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Does Barros stand a chance with Gamboa?

This weekend is one of the biggest for boxing in a long time as there’s huge fights all over the world, one of the most under looked fights is oddly also likely to be the most exciting. Although the fights between Pongaklek Wonjongkam v Koki Kameda and Andre Dirrell v Arthur Abraham will be seen as more important it’s hard to ignore Yuriorkis Gamboa who faces Jonathan Victor Barros.

 

A meeting of 2 unbeaten fighters who are set to clash in Hamburg, Germany for the WBA Featherweight title. For some the fight is one they will avoid, feeling Barros will be an easy nights work for “El Ciclon de Guantánamo”, though is it one worth trying to see or not? Will Barros manage to test the exciting and swiftly destructive Gamboa?

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Gamboa’s career so far as a professional fighter has been a short but swift one, needing only a handful of fights (15) to become a world champion and has made two defences, needing just six rounds in them combined. After his first 17 fights as a professional he has had just 61 rounds (an average of just over 3 a fight), though he is far more experienced than that (having been a top Cuban amateur for over a decade). Amazingly Gamboa’s career has seen him going into the 10th round 3 times, so if we take those 3 fights outs he’s had 31 rounds in 14 fights, impressive and awesomely destructive. With 15 stoppages in those 17 fights many are assuming he’ll make it 16 stoppages out of 18 contests, but what about his opponent?

Jonathan Victor Barros of Argentina is unbeaten in 29 (with 28 wins and 1 draw) with respectable looking power having scored 16KO’s. His career so far has been over twice as many rounds as Gamboa’s (136) but he’s taking a massive step up to world level here having previously only held a “Latino” belt at Featherweight. Barros is a bit of unknown quantity having only fought in Argentina and Uruguay though he’s so far fought a low level of opponent, the most well known of which would be Victor Hugo Paz who is no more than a journey man. It was against Paz in 2006 that Barros got the only black mark of his career, a draw.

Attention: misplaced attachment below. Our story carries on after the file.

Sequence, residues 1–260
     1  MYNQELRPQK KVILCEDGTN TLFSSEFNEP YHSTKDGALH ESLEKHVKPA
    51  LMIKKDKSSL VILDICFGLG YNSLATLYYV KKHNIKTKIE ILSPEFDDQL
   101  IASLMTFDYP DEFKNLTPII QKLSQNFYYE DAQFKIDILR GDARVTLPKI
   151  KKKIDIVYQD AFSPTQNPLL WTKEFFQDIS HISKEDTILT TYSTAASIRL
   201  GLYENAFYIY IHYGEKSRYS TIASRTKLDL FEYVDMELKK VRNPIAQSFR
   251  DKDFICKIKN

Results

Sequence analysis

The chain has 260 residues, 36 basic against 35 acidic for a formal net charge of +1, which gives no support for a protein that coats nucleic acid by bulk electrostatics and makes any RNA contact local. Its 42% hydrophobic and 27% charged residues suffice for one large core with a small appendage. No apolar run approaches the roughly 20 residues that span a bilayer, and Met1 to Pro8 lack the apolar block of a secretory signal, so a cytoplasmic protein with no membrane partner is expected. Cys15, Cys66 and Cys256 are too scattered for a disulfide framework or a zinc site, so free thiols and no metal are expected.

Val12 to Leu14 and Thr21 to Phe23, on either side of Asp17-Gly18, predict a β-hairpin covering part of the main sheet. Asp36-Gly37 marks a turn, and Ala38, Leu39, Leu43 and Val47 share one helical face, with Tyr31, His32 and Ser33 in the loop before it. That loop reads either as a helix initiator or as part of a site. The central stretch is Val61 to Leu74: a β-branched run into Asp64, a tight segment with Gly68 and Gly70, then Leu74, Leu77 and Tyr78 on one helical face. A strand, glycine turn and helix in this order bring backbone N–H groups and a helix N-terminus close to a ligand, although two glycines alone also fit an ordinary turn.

Although he has improved since (having beaten Paz twice after the draw) his opponents haven’t been anything to write home about with the last five having a combined record of 60-37-9 (at the time Barros faced them all between 2009 and now). Sadly it’s this that will be the key in how this fight goes and it’s a shame that in his first fight in Europe Barros is going to go home in pain, the step up is just too much to cope with against an opponent as destructively fast and power as Gamboa.

Does Jonathan Victor Barros stand a chance against Yuriorkis Gamboa?

To be honest yes, but the chance is about the same as the chance of Gamboa breaking his leg after 10 seconds in the ring. It’s likely that Gamboa will take 2 or 3 rounds but control them with accurate and fast counter punches making Barros pay for the mistakes he’ll make. The fight will end without Barros landing a meaningful punch, and he stands no chance.

Much like Dmtri Salita when he met Amir Khan, Barros has had an awfully “artificial” record where he has managed to compile an unbeaten record feasting on easy opponents, when he meets a dangerous opponent, like Gamboa the 0 will almost always go. This is a case of a fighter being thrown to the wolves, and the wolves this time are the blows of Yuriorkis Gamboa who is nothing short deadly.

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